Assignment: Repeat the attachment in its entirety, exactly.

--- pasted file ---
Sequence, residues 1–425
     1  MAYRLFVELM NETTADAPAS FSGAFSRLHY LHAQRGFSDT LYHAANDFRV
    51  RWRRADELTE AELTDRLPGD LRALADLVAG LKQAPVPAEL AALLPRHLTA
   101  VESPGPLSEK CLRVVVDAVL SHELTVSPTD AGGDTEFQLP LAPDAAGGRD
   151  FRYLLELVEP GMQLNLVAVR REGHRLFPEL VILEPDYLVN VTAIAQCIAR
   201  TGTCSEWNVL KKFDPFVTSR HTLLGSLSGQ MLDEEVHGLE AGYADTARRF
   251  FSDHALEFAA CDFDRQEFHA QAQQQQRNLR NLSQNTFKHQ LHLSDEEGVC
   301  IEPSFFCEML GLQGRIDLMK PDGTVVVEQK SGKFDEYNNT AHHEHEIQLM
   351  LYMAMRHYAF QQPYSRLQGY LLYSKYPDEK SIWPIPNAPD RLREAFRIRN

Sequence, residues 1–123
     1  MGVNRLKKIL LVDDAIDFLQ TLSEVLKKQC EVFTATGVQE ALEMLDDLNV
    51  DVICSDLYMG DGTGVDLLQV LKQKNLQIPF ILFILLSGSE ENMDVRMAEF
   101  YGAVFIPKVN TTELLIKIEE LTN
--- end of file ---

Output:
Sequence, residues 1–425
     1  MAYRLFVELM NETTADAPAS FSGAFSRLHY LHAQRGFSDT LYHAANDFRV
    51  RWRRADELTE AELTDRLPGD LRALADLVAG LKQAPVPAEL AALLPRHLTA
   101  VESPGPLSEK CLRVVVDAVL SHELTVSPTD AGGDTEFQLP LAPDAAGGRD
   151  FRYLLELVEP GMQLNLVAVR REGHRLFPEL VILEPDYLVN VTAIAQCIAR
   201  TGTCSEWNVL KKFDPFVTSR HTLLGSLSGQ MLDEEVHGLE AGYADTARRF
   251  FSDHALEFAA CDFDRQEFHA QAQQQQRNLR NLSQNTFKHQ LHLSDEEGVC
   301  IEPSFFCEML GLQGRIDLMK PDGTVVVEQK SGKFDEYNNT AHHEHEIQLM
   351  LYMAMRHYAF QQPYSRLQGY LLYSKYPDEK SIWPIPNAPD RLREAFRIRN

Sequence, residues 1–123
     1  MGVNRLKKIL LVDDAIDFLQ TLSEVLKKQC EVFTATGVQE ALEMLDDLNV
    51  DVICSDLYMG DGTGVDLLQV LKQKNLQIPF ILFILLSGSE ENMDVRMAEF
   101  YGAVFIPKVN TTELLIKIEE LTN